Step (III)

This is a step in which joints 11b are formed between the permeable sheets (2) and (3), permeable sheets (4) and (5) etc.

In this state, the pulleys A and B are not rotated but the pulley C is rotated alternately in an opposite direction by a predetermined angle between two positions in which the pulley A is always in a higher position than the pulley B. In the state of FIG. 5(a), the warps (2)F, (2)R of the heddle 6-2 are in a higher position than the warps (3)F, (3)R of the heddle 6-3 and the warps (4)F, (4)R of the heddle 6-4 are at a higher position than the warps (5)F, (5)R of the heddle 6-1. The warps (2)F and (2)R, warps (3)F and (3)R, warps (4)F and (4)R and warps (5)F and (5)R are respectively on the same level. In this state, wefts are passed and then the pulley C is rotated clockwise by a predetermined angle to bring the pulley A to an even higher position than the pulley B as shown in FIG. 5(b). In the state of FIG. 5(b), the warps (3)F and (3)R of the heddle 6-3 are moved to a higher position than the warps (2)F and (2)R of the heddle 6-2 and the warps (5)F and (5)R of the heddle 6-1 are moved to a higher position than the warps (4)F and (4)R of the heddle 6-4. The reed 9 is operated to perform the horizontal pressing and then the pulley C is rotated in an opposite direction to restore it to the state of FIG. 5(a). By repeating this operation, the joints 11b extending in the direction of the main stream in the packing 3 are woven simultaneously between the permeable sheets (2) and (3), permeable sheets (4) and (5) etc. The forming of the joints between the respective permeable sheets (1), (2), (3) etc. in steps (I), (II) and (III) is shown in FIG. 6.

Step (IV)

This step is similar to the above described step (II) so that illustration thereof will be omitted. This step is one subsequent to the joint forming between the permeable sheets (2) and (3) etc. and non-joint portions 11a of the respective permeable sheets 11 are woven again in this step.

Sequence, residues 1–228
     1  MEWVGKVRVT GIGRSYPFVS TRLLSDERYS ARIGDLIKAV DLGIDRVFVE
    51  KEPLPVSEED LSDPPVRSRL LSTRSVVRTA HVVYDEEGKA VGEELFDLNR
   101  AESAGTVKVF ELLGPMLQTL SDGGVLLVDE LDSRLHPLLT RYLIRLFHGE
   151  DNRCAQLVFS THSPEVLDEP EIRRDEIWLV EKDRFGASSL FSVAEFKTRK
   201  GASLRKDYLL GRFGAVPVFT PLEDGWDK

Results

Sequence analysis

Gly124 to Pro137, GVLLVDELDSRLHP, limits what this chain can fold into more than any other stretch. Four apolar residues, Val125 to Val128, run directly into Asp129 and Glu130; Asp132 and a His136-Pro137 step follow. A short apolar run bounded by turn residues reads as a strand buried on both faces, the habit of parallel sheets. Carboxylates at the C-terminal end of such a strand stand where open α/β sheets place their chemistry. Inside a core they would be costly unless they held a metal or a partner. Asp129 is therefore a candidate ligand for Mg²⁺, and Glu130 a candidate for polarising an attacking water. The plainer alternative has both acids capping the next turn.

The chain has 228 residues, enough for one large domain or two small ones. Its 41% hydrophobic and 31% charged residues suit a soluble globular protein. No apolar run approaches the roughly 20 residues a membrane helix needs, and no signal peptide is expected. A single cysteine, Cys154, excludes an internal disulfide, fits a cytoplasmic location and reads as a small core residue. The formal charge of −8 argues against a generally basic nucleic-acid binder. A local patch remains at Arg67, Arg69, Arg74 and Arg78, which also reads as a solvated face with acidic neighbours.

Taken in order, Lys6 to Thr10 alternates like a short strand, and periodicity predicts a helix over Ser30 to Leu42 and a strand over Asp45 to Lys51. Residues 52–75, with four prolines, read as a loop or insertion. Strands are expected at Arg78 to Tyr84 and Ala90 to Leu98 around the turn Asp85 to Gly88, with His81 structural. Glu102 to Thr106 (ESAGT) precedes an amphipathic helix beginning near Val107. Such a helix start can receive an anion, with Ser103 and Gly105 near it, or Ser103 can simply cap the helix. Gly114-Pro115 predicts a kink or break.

In this step, as in step (II), the pulleys A and B are respectively rotated alternately in opposite directions by a predetermined angle while the pulley C is held in a stopped position and the intermittently feeding of the wefts and the horizontal pressing by the reed 9 are repeated by a predetermined number of times whereby non-joint portions 11a of the permeable sheets (1), (2), (3) etc. are simultaneously woven.

After step (IV), the weaving process returns to step (I) and then step (II), (III) and (IV) are repeated to complete the packing 3 as shown in FIG. 8.

A part of the non-joint portions 11a and the joints 11b of the respective permeable sheets of the completed packing 3 is shown in an enlarged scale in FIG. 7.

In the above described embodiment, the packing 3 is formed by moving permeable sheets of plural strata in a horizontal direction. If a woven packing can be wound once on a drum and then restored to the shape of the X-packing (e.g., in a case where the packing is woven with cotton yarn), permeable sheets of plural strata may be horizontally fed and then wound on a drum.